With more quiet time, more privacy, more stillness, we have an opportunity to think about who we are, as individuals and as a society.
Alan Lightman, a physicist who teaches at MIT, writes in The Atlantic that “perhaps the slower lifestyle in these months can help put the pieces back together. And perhaps a more contemplative, deliberate way of living can become permanent:”
The Virus Is a Reminder of Something Lost Long Ago
Innovation often arises in periods of adversity. In recent weeks, we have seen such welcome invention germinating in the horrendous crisis of the coronavirus. Consider, for example, the many new platforms for online teaching, or the use of cheap Bluetooth smart thermometers able to transmit a person’s fever and geolocation to a distant database, or members of the Toronto Symphony Orchestra performing together and apart from 29 different locations using their smartphones.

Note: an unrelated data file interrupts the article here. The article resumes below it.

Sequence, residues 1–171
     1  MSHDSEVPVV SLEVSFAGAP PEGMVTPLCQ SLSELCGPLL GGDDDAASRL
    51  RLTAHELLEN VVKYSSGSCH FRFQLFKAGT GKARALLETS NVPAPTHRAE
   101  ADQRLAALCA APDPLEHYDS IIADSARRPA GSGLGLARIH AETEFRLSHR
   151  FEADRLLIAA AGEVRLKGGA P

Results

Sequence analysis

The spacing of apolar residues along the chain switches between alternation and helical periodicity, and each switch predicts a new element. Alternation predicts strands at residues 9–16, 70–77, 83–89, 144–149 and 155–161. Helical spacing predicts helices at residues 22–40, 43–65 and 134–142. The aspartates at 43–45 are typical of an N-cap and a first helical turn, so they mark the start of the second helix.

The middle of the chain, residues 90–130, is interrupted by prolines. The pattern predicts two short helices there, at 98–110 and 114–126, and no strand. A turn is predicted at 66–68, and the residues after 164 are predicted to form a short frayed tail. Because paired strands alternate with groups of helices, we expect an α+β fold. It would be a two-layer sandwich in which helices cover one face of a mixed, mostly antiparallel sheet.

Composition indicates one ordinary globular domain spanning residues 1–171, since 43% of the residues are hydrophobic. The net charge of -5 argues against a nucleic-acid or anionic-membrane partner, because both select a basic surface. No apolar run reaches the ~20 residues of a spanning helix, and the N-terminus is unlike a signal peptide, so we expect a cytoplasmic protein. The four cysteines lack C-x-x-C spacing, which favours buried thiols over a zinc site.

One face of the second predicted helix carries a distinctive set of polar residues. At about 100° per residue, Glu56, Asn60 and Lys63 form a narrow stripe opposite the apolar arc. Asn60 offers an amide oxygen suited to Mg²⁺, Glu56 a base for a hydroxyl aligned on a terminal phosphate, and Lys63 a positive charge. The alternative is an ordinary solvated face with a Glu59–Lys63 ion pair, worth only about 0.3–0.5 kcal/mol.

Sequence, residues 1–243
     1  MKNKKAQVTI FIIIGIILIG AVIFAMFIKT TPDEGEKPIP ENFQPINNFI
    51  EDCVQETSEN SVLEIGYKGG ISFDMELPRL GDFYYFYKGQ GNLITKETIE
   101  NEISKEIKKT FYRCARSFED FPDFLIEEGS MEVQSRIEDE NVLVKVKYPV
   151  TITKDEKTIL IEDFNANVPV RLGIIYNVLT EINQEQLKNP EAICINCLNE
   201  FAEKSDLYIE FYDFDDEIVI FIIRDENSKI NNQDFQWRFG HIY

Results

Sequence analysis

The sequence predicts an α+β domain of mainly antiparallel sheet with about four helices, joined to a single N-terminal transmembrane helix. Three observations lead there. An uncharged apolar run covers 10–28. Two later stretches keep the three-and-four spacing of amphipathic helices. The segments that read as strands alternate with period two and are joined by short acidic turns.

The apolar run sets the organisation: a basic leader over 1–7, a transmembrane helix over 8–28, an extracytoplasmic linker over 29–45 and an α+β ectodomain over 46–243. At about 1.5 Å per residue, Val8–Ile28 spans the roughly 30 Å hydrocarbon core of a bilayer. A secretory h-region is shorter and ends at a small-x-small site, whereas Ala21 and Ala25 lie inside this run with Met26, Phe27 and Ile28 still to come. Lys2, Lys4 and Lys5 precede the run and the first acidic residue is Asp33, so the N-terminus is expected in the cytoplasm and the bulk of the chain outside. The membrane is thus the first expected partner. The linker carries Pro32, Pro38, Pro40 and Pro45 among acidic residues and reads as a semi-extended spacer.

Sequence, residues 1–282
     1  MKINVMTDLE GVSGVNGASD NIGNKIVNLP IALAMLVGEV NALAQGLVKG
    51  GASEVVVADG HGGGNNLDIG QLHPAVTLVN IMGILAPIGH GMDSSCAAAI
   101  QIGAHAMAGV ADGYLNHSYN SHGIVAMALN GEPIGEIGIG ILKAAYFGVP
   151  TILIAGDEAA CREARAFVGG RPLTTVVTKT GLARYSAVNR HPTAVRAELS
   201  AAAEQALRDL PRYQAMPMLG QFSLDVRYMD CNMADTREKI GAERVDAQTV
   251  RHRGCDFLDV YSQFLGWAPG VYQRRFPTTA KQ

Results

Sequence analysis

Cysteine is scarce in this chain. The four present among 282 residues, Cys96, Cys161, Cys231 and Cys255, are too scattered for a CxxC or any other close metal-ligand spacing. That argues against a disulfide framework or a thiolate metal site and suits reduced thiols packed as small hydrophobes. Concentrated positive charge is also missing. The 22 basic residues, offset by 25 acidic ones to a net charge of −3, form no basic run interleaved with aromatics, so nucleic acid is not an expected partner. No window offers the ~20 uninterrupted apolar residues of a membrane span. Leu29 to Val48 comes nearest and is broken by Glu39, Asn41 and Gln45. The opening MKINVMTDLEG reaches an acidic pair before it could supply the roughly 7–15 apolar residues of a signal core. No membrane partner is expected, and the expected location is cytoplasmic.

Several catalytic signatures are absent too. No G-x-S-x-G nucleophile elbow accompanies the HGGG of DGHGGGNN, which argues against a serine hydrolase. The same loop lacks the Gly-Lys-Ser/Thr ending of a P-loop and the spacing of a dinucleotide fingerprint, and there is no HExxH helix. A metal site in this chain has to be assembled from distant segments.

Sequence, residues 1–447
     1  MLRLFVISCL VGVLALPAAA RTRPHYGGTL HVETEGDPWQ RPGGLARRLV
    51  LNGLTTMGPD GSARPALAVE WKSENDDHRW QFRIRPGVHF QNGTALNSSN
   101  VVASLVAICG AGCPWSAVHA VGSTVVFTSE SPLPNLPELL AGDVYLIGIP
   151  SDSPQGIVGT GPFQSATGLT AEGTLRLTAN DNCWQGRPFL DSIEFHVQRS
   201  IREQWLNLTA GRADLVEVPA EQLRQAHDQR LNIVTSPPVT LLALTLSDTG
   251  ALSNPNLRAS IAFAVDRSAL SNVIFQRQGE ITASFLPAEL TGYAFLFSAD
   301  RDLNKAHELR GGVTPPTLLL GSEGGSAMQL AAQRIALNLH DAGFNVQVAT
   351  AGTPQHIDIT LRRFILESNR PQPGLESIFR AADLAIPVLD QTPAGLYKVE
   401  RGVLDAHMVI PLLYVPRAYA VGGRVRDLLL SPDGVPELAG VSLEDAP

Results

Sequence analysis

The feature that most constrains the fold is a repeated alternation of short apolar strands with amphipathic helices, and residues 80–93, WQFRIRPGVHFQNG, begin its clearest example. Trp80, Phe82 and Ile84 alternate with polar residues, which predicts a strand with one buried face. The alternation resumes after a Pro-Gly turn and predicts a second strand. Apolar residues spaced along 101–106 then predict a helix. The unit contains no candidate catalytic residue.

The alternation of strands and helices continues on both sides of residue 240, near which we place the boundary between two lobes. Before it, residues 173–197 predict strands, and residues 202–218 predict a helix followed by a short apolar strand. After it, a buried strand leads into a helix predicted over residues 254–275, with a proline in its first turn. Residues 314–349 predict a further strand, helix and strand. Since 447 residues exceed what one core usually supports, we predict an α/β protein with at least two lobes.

In bad times, innovation can occur in habits of mind as well as in new technologies. The frightening COVID-19 pandemic may be creating such a change now—by forcing many of us to slow down, to spend more time in personal reflection, away from the noise and heave of the world. With more quiet time, more privacy, more stillness, we have an opportunity to think about who we are, as individuals and as a society…